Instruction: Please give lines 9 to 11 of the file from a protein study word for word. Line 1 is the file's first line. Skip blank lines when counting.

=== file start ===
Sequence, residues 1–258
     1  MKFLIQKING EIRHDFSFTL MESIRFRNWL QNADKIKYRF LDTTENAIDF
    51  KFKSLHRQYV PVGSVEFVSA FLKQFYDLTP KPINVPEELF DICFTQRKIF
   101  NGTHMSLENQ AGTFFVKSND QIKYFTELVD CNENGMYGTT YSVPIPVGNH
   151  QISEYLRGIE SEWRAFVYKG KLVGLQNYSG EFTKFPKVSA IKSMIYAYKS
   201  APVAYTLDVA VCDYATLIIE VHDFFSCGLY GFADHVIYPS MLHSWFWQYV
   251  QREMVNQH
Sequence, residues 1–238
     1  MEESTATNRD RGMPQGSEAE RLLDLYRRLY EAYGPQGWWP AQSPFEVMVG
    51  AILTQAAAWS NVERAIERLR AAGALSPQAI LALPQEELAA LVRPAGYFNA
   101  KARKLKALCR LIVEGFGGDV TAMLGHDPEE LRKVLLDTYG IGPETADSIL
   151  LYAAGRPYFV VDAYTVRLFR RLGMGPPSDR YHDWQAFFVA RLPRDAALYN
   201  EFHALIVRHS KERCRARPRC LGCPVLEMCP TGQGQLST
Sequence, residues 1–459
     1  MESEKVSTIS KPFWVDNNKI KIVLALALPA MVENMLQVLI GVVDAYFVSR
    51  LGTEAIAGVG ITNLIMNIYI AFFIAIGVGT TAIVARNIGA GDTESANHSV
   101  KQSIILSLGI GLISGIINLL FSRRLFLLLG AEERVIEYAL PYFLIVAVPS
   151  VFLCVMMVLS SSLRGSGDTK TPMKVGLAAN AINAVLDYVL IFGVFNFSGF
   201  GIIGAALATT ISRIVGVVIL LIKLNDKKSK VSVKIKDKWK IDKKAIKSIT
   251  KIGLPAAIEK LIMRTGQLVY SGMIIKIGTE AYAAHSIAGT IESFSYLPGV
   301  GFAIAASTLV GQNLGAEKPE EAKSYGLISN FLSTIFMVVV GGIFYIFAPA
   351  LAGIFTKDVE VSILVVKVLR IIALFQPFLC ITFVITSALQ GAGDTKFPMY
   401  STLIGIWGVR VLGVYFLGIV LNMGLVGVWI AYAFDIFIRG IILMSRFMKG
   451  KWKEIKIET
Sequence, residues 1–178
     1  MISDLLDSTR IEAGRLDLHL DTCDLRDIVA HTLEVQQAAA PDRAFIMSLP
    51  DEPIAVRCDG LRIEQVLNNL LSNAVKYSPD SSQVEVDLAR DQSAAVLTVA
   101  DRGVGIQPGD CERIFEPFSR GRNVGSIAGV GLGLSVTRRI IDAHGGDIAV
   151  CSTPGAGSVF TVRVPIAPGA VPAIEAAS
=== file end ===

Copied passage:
     1  MEESTATNRD RGMPQGSEAE RLLDLYRRLY EAYGPQGWWP AQSPFEVMVG
    51  AILTQAAAWS NVERAIERLR AAGALSPQAI LALPQEELAA LVRPAGYFNA
   101  KARKLKALCR LIVEGFGGDV TAMLGHDPEE LRKVLLDTYG IGPETADSIL